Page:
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Effects of smoking on Society

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Introduction

Effects of smoking on Society Essay Word count: 1,083 Cigarette smoking has many social costs to society this essay will explore some or the the positive and negative spillover effects it has on some aspects of the world we live in. Based on evidence presented, it will then conclude if the spillover effects are a negative or positive externality to our society. A spillover effect is the outcome of a market transaction to society. A positive externality is defined as the positive spillover effects being greater than the negative spillover effects. A negative externality can be defined as the negative spillover effects being greater than the positive spillover effects. It is evident that cigarette smoking has negative effects. It is argued that, ' Second hand smoking', which refers to the smoke breathed out by smokers and the smoke from the burning end of a cigarette - also known as environmental tobacco smoke. is a negative spillover effect. This is because it releases harmful chemicals into the air that harm the lives of those who breath it in it. ...read more.

Middle

Everyday and estimated 80,000 to 100,000 children begin smoking. Evidence shows that 50% of these children go on to smoke for at least 15 to 20 years. (Martin) This means that by the time these children are old enough to work at least 50% of them will have been smoking long enough to have contracted smoking related illnesses. When these children reach the age at which they are able to begin working most of them will already be of ill health and won't be healthy enough to work to their full potential. Of the 70,000 people who died due smoking related illness's in New Zealand, it is suggested that if these deaths did not occur, New Zealand's labour force would have had an approximately 8,700 more labor workers (Easton). It is also suggested that the GDP (Gross Domestic Production) for the same year would have been $400 million larger if these smokers had still been alive. (Easton) It has also been estimated that every year a smoker will have 5 to 6 hours off work because they are spending the time smoking. ...read more.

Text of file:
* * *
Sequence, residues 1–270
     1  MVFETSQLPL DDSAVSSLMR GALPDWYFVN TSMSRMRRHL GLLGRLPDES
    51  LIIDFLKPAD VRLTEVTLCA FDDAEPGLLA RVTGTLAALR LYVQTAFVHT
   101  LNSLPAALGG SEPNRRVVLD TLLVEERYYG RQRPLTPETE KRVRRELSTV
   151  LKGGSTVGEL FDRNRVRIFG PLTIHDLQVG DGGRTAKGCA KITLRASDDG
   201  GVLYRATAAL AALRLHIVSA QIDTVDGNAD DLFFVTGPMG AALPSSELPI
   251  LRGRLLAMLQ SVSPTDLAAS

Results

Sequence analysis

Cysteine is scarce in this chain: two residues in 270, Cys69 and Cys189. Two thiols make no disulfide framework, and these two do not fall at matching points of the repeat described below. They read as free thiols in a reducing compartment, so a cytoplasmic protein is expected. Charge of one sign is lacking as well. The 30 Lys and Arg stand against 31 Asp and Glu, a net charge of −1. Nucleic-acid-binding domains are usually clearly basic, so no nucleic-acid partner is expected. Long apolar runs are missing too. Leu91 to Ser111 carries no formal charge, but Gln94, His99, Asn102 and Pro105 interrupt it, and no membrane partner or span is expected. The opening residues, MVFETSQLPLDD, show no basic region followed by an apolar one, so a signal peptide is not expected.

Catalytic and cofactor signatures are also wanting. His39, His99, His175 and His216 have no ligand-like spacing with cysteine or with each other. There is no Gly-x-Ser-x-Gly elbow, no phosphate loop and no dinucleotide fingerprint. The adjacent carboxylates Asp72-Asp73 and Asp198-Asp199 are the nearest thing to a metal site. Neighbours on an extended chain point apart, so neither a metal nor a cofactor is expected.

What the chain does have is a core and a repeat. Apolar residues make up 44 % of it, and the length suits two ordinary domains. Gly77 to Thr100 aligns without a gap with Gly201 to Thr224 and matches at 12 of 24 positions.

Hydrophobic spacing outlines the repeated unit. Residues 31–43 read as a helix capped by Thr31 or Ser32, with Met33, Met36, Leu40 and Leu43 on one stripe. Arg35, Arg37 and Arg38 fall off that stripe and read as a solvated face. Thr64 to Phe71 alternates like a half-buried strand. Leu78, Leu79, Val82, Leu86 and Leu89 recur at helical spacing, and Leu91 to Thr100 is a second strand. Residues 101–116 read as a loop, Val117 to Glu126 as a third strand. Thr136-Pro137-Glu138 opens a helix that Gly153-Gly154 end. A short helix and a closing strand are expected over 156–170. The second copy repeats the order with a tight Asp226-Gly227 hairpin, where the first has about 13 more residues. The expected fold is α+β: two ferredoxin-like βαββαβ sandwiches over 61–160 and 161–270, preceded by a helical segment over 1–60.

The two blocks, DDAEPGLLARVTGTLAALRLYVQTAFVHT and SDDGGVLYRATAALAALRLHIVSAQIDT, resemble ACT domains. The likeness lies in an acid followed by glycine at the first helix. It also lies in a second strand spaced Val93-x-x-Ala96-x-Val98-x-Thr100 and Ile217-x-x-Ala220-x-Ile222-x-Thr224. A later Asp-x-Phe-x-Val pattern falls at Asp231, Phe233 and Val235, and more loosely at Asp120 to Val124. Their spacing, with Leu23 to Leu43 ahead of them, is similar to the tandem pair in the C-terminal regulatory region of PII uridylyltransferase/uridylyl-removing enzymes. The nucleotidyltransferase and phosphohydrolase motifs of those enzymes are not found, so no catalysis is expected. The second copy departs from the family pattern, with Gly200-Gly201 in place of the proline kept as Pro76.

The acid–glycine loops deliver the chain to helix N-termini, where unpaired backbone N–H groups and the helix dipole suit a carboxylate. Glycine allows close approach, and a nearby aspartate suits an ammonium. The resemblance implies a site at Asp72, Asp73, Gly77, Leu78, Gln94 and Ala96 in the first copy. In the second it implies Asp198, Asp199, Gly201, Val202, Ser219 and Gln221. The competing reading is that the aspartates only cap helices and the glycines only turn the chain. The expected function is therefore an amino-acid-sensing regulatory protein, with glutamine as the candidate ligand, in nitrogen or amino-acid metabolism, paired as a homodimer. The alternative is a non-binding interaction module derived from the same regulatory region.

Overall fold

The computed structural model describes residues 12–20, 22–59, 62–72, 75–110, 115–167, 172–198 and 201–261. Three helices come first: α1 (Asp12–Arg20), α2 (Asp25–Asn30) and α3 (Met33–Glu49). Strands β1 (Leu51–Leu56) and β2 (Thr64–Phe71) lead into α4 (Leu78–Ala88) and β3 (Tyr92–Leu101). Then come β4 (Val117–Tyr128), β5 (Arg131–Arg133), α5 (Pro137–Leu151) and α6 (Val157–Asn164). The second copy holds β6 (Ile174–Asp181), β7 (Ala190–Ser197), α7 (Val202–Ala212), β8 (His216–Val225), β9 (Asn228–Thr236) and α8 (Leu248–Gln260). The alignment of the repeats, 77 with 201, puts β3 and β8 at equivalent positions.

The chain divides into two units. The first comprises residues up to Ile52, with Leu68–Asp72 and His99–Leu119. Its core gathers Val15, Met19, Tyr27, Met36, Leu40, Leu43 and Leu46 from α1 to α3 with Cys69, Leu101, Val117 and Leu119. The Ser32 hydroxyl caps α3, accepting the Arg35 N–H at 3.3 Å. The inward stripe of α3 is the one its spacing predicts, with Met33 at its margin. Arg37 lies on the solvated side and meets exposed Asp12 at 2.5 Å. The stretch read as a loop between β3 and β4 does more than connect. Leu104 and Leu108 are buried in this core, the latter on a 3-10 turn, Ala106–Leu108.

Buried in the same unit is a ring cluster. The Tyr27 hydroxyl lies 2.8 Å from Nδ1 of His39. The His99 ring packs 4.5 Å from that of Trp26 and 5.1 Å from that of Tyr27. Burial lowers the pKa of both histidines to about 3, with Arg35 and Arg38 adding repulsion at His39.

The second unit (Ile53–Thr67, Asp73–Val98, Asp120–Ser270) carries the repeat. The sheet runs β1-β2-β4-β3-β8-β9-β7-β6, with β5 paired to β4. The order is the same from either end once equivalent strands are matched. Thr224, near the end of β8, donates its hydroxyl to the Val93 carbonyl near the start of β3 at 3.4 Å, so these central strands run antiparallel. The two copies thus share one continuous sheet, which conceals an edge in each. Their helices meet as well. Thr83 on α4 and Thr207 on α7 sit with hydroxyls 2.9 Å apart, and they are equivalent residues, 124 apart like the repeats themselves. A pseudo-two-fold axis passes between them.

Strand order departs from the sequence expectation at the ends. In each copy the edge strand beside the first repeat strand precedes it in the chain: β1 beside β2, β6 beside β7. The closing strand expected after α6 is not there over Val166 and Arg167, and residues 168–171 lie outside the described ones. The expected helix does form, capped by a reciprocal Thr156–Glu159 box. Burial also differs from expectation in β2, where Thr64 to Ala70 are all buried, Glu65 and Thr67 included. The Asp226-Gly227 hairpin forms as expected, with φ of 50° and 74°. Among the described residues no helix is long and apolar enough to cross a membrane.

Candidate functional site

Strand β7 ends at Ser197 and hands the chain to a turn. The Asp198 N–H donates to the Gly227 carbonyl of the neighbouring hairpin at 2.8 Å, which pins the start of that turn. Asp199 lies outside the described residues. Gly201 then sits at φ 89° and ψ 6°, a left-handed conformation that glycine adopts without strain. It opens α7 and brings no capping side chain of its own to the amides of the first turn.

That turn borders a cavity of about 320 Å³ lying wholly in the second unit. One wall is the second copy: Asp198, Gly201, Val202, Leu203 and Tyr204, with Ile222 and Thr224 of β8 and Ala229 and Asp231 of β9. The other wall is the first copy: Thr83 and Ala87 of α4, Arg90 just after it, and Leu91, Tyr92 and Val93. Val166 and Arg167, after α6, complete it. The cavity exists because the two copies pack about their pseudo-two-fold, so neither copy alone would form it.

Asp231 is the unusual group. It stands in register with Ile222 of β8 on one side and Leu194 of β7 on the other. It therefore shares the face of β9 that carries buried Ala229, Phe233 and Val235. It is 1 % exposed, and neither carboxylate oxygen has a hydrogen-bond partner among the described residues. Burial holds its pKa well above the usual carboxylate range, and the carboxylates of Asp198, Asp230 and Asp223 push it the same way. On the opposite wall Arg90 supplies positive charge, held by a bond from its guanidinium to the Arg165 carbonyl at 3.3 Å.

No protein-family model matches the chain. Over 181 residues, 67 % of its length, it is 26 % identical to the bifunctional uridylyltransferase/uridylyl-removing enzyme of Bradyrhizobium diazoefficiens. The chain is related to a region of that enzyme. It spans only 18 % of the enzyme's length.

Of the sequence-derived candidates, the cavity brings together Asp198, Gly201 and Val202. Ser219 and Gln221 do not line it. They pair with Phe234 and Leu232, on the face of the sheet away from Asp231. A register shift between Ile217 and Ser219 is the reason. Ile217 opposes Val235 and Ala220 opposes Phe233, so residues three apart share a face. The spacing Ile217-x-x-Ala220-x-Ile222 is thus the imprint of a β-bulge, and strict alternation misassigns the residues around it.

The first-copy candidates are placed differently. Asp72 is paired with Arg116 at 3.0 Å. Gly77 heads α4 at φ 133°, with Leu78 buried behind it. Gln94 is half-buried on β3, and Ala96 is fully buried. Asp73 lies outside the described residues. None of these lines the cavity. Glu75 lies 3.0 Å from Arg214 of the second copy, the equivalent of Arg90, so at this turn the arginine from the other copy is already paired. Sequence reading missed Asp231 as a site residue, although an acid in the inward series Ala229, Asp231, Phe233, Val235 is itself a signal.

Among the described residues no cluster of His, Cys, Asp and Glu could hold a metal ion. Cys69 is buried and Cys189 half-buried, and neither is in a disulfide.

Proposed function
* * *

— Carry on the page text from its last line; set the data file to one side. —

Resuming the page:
Conclusion

This is because, when the effects of cigarette smoking are positive people will then want to smoke more because it is good for society. So this will then cause the demand for cigarettes to increase. Resulting in the demand curve shifting to the right and going from being HPE to HSB. From the overwhelming evidence presented it is evident that cigarette smoking has negative externalities to our society. This is determined because the negative social costs to our society are far greater than the positive. Sources Easton, Brian . "The Social costs of tobacco use and alcohol misuse." Wellington School of Medicine 2(1997). Martin, Terry. "Smoking Cessation." About.com. January 28, 2007. The New York Times Company. 3 Oct 2007 <http://quitsmoking.about.com/cs/antismoking/a/statistics.htm>. Rauscher, Megan . "Smoking lowers Parkinson's disease risk ." Sciencentific American.com 20 March 2007 4 Oct 2007 <http://www.data-yard.net/10v2/parkinson.htm>. Rethink, "Smoking and Mental Illness." Not Alone 20 March 2007 4 Oct 2007 <http://www.enotalone.com/article/3110.html>. "Secondhand Smoke: Questions and Answers." National Cancer Institute . U.S National Institutes of Health . 2 Oct 2007 <http://www.cancer.gov/cancertopics/factsheet/Tobacco/ETS>. Vastag, Brian. "Smoke This: Parkinson's is rarer among tobacco users." Science News- Online July 14, 2007 4 Oct 2007 <http://www.sciencenews.org/articles/20070714/fob4.asp>. ?? ?? ?? ?? 1 ...read more.

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